Indonesia’s restriction on palm oil exports will be lifted on Monday, according to the president,

According to the president, Indonesia’s restriction on palm oil exports will be lifted on Monday.

Following improvements in the domestic cooking oil supply situation, President Joko Widodo said on Thursday that Indonesia would suspend its palm oil export embargo on Monday, May 23.

Even though the price of bulk cooking oil has not yet reached the anticipated 14,000 rupiahs per litre, the government decided to relax the prohibition because the government is concerned about the well-being of 17 million palm oil workers, according to the news agency Reuters.

Indonesia, the world’s largest palm oil exporter, has blocked edible oil shipments since April 28 to flood the domestic market with supply to control rising cooking oil prices. 

According to reports, despite strict measures that have shaken the edible oil markets and cost hundreds of millions of dollars in lost revenue, the price of cooking oil, a staple for Indonesian families, has not decreased, lowering President Joko Widodo’s approval rating.

The president, known as Jokowi, previously stated that the need for affordable food superseded income considerations and that the export ban would only be repealed if domestic requirements were addressed.

Traders of palm oil have speculated that the prohibition may have been lifted partly, particularly in recent developments.

According to a poll conducted this week by pollster Indikator Politik Indonesia, the president’s approval rating is at a six-year low, primarily due to rising cooking oil prices and inflationary impacts.

From May 23, Indonesia will abolish its ban on palm oil exports.

Explainer: Why Indonesia's palm oil export ban has not cooled cooking oil prices | Reuters

The restriction on palm oil exports, which was enforced three weeks ago to enhance the domestic cooking oil supply, will be lifted on Monday, May 23, according to Indonesian President Joko Widodo, during a virtual address to the country.

Although bulk prices have not yet fallen to the anticipated 14,000 rupiahs per litre, the supply of bulk cooking oil has reached a “level greater than needed,” according to the president.

“I realise cooking oil costs are still relatively high in various locations,” Widodo told Reuters, “but I expect they will be more cheap in the next weeks.”

Indonesia, the world’s top palm oil producer, has banned the export of crude palm oil (CPO) and other derivative products since April 28 to bring domestic cooking oil prices down.

Several importing countries saw an increase in cooking oil prices due to the decision.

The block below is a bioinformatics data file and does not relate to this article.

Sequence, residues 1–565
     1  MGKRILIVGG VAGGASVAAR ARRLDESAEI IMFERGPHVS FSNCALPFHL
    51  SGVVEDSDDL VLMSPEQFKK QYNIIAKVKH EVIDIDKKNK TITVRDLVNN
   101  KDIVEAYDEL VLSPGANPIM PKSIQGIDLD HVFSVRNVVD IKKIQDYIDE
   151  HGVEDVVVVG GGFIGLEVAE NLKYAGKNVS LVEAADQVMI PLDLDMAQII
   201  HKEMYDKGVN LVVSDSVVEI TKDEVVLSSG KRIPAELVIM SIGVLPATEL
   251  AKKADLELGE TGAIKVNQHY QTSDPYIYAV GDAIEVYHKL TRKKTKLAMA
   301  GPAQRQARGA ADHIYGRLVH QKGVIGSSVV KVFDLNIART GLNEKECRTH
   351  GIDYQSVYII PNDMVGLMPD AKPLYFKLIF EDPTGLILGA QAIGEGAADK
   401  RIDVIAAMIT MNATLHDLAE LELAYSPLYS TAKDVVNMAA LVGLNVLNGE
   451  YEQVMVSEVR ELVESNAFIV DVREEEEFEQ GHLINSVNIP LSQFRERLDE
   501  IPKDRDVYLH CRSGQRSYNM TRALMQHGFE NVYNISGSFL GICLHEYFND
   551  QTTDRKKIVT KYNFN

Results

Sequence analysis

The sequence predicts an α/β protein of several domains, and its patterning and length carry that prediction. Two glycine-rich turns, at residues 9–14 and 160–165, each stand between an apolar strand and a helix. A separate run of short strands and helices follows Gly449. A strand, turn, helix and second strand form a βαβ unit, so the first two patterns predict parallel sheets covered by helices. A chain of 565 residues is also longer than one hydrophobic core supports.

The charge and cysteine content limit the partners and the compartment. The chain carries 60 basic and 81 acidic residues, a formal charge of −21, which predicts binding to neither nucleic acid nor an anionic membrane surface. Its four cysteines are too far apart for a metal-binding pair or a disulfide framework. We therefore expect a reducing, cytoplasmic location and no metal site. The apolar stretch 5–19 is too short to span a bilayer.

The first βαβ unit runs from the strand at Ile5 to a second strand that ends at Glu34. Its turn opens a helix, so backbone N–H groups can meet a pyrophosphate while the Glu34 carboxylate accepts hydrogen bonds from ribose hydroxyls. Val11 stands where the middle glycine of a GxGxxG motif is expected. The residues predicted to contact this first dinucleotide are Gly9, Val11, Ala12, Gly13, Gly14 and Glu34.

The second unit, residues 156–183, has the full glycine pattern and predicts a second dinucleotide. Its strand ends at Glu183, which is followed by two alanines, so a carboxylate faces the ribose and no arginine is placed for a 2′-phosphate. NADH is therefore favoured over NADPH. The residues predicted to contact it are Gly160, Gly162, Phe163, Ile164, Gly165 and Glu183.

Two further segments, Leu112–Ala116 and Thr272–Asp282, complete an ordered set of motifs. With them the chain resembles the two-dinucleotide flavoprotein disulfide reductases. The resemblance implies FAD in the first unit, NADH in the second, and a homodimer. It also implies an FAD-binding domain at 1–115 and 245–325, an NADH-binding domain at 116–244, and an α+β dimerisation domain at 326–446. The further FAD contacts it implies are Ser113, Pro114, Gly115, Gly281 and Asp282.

Members of Indonesia’s parliamentary budget committee encouraged the government to “review the CPO export prohibition” during a session with Finance Minister Sri Mulyani Indrawati. However, they did not go into depth about the policy.

Sri Mulyani said she would bring their proposal to President Joko Widodo’s attention, noting that the government is aware that the export prohibition will result in a monthly revenue loss of 6 trillion rupiahs ($407.33 million).

Meanwhile, suppose the export prohibition is not lifted by the end of the month. According to Sahat Sinaga, executive director of the Indonesia Vegetable Oil Industry Association, the palm oil sector may be forced to shut down.

“If there are no exports by the end of May, everything will be blocked, and all the tanks will be full,” Sahat said.

Indonesia has a storage capacity of roughly 6 million tonnes, including at ports, and domestic inventories had reached around 5.8 million tonnes by early May, according to Sahat.

Domestic stockpiles grew to 5.68 million tonnes at the end of March, up from 5.05 million tonnes a month earlier, according to figures released on Thursday by the Indonesia Palm Oil Association (GAPKI).

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Indonesia consumes only about 35% of its palm oil production, primarily for food and fuel.

Eddy Martono, GAPKI’s secretary-general, claimed several enterprises had already stopped buying palm fruits outside their farms and were reducing their crops.

The embargo was implemented when palm fruit output was generally high, according to Sahat. However, due to the export ban, just half of the fruit will be consumed, costing farmers 17 trillion rupiah ($1.15 billion).

Hundreds of palm oil farmers rallied in multiple locations to protest declining salaries.

According to Irfan, a local palm oil farmer, for the past two days, trucks piled high with palm fruits have been stopped in a long line outside a palm oil factory in West Sulawesi.

He claimed that farmers bypass intermediaries and bring palm fruits directly to mills to avoid further losses.

“However, because the mill prioritises their partners, the number of non-partner farmers is increasing.”

Experts advise investors to take advantage of Indonesia’s oil prohibition.

Here's why Indonesia's palm oil export ban hasn't cooled cooking oil prices - BusinessToday

Investors are being urged to boost palm oil production with funding to take advantage of the Indonesian government’s recent prohibition on exporting oil palm and oil palm derivatives.